Not long ago, Tracey Brown, managing director Sense About Science , a British advocacy group that shares many interests with us here at the American Council, wrote an essay in The Guardian entitled "The Precautionary Principle is a blunt instrument." To many in the chemophobic, anti-technology camp, the precautionary principle (PP) is akin to the 11th Commandment: Thou shalt make no scientific or industrial progress without first ascertaining that such progress, as it involves introducing anything innovative into the stream of commerce, cannot first be proven safe.
OK yes, I paraphrased it substantially. The actual definition of the PP sounds comfortingly academic and rational: "When an activity raises threats of harm to the environment or human health, precautionary measures should be taken even if some cause and effect relationships are not fully established scientifically."
Well, the devil is in the unstated details of this pronouncement which by the way is the official guiding principle of risk assessment and regulatory philosophy in the EU. The crux is in the definition of "threats of harm" to who- or whatever: such threats are in the eye of the beholder, more often than not. And to those of us who favor not unbridled, but reasonably independent scientific progress and innovation without hyper-regulatory dampening that eye is too often jaundiced by unscientific (at best, perhaps by emotional or ideological prejudice) or corrupt (at worst) influences. To those, calling upon the PP for backup to advocate bans and onerous restrictions is an easy call.
Here is the essence of Ms. Brown's discussion:
"A world of over seven billion people faces some pretty complex questions about the trade-offs involved in producing food, using resources, reducing disease and achieving the societies and environments in which we want to live. There's a collision between short-term and long-term outcomes, narrow interests and broader ones, and between problems and opportunities ¦ the consequences of which may be unforeseeable. Fear of the unforeseeable gives the precautionary principle influence, but was there ever such a mismatch between a challenge and a solution?"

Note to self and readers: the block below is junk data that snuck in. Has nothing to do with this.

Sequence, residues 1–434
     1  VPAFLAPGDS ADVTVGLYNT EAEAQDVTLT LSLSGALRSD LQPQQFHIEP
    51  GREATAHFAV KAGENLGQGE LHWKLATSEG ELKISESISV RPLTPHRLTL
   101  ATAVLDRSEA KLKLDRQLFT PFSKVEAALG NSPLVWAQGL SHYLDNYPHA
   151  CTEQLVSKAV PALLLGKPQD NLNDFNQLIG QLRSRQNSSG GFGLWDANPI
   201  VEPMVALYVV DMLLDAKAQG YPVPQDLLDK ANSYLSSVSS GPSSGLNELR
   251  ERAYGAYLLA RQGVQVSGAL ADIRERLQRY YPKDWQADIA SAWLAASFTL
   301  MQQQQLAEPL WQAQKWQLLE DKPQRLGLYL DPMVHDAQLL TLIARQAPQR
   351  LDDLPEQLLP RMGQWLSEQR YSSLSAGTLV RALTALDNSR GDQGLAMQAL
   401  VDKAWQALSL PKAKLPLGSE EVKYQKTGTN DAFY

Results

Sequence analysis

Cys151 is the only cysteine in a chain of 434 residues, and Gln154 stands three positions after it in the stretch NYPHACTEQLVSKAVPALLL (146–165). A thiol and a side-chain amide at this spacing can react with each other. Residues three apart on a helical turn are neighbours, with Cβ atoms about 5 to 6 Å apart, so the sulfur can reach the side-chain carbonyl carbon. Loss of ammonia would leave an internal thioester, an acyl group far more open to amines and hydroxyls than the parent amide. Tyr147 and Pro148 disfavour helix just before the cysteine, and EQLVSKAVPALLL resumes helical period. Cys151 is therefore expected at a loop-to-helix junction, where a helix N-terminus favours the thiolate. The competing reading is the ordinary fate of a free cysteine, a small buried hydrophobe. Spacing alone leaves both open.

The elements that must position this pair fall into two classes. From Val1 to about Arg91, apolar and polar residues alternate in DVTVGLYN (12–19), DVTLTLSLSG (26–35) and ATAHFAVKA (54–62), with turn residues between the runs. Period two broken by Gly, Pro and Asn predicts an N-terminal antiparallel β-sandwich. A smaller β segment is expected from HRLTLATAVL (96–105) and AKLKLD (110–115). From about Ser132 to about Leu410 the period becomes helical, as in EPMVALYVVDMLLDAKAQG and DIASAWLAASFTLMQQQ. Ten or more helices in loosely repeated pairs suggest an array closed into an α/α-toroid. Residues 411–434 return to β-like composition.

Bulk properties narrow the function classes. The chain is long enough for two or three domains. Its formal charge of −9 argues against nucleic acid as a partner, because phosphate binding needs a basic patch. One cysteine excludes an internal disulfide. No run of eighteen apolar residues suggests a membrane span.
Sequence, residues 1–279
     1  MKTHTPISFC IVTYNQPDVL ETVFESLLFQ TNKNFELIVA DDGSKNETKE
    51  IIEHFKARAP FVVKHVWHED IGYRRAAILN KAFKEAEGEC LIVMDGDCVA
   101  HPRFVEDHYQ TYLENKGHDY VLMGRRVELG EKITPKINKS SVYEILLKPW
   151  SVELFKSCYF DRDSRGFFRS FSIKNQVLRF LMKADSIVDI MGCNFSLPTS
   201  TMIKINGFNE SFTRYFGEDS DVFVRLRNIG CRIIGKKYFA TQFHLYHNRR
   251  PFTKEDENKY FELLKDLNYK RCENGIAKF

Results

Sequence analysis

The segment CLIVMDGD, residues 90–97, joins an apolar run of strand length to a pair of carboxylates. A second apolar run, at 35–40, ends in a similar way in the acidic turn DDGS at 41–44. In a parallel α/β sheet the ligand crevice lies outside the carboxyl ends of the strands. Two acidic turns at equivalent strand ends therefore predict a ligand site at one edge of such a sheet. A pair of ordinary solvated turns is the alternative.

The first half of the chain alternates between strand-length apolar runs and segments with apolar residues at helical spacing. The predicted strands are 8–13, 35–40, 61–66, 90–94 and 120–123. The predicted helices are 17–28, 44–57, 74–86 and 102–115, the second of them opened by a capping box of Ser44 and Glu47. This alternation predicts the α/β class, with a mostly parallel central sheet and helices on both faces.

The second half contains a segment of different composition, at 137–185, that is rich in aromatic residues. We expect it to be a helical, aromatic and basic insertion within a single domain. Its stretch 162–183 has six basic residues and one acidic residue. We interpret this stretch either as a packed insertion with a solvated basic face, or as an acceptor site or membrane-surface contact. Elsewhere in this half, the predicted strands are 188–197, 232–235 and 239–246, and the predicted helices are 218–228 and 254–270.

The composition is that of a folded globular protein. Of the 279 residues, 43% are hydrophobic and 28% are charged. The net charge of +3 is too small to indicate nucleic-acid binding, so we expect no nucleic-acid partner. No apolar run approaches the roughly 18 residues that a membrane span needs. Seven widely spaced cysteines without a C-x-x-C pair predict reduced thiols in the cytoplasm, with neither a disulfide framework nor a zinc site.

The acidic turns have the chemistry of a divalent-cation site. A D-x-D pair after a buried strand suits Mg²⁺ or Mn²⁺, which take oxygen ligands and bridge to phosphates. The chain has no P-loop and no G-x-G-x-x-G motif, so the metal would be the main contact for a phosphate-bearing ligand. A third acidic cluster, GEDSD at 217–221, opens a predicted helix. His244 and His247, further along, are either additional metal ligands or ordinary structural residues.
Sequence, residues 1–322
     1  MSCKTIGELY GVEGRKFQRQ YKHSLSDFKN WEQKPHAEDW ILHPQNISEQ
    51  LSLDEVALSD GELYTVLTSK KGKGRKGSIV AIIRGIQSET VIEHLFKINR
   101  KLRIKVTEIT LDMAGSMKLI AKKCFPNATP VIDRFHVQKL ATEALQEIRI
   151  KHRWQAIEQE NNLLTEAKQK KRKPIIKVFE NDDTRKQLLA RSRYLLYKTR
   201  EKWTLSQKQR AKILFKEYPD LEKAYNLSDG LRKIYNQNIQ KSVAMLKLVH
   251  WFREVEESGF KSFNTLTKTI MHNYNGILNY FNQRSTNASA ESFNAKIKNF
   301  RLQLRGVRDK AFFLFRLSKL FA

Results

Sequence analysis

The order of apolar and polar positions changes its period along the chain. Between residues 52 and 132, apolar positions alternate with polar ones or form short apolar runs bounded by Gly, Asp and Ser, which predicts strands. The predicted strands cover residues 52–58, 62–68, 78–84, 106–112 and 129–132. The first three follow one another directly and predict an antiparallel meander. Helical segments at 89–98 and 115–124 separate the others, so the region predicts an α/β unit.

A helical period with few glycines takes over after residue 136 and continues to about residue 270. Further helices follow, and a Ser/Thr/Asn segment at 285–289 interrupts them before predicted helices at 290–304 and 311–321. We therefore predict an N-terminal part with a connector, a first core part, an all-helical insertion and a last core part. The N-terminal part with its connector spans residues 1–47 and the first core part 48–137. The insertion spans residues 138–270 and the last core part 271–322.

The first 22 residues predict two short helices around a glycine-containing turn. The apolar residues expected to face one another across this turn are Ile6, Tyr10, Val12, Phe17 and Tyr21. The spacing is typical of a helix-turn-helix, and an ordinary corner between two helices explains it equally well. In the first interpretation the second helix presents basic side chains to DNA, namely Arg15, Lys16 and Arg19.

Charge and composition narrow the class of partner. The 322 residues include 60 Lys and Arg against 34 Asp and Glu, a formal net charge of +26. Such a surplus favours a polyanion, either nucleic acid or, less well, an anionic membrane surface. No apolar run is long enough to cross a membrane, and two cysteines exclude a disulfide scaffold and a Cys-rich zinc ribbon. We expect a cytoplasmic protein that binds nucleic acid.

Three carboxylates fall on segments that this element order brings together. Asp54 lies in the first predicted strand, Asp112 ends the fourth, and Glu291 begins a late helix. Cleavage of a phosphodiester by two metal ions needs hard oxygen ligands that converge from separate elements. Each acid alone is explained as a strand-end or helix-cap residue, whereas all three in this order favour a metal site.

She continues: "However simple we might wish managing uncertainty about the future to be, it's not. The precautionary principle misleads us into thinking it is. Its advocates arm-wave about complexity and the unknown future, but they are producing a response that implies the exact opposite. In place of informed, real-world choices that include the potential implications of both doing something and not doing it, we have simplistic bans, precaution's monotonous answer to every challenge. It is irresponsible."
Elided in the official statement is the difference between "threat," or risk, which can be quantitated to some degree, and "uncertainty," which by definition cannot be assigned a numerical risk, other than by vague comparison to known risks. All innovation and progress entailed some element of uncertainty until implemented, and to demand "proof" of lack of "threat" before a product or technology is even available would bring all progress to a screeching halt. Citing the PP to Dr. Jonas Salk in the early 1950s would have left us without the polio vaccine, most assuredly. I could go on all day with other examples ("Golden" Rice; banning DDT with its resultant resurgent malaria consequences would be others).
There is a vast difference between invoking the PP as a "slow down if there are danger signs" cautionary the interpretation that gets closest to the most widely used formulations of the principle and guides many technical decisions and using it for political or ideological ends, justifying needless, counterproductive bans and restrictions. In fact, I could argue (and have done so) that stringent implementation of the PP is, in itself, a violation of the Principle, since not taking action to introduce a probably beneficial substance, drug or technology out of an "excess of precaution" would do more harm to "human health or the environment" than plunging ahead, even into the midst of less-than-100% certainty.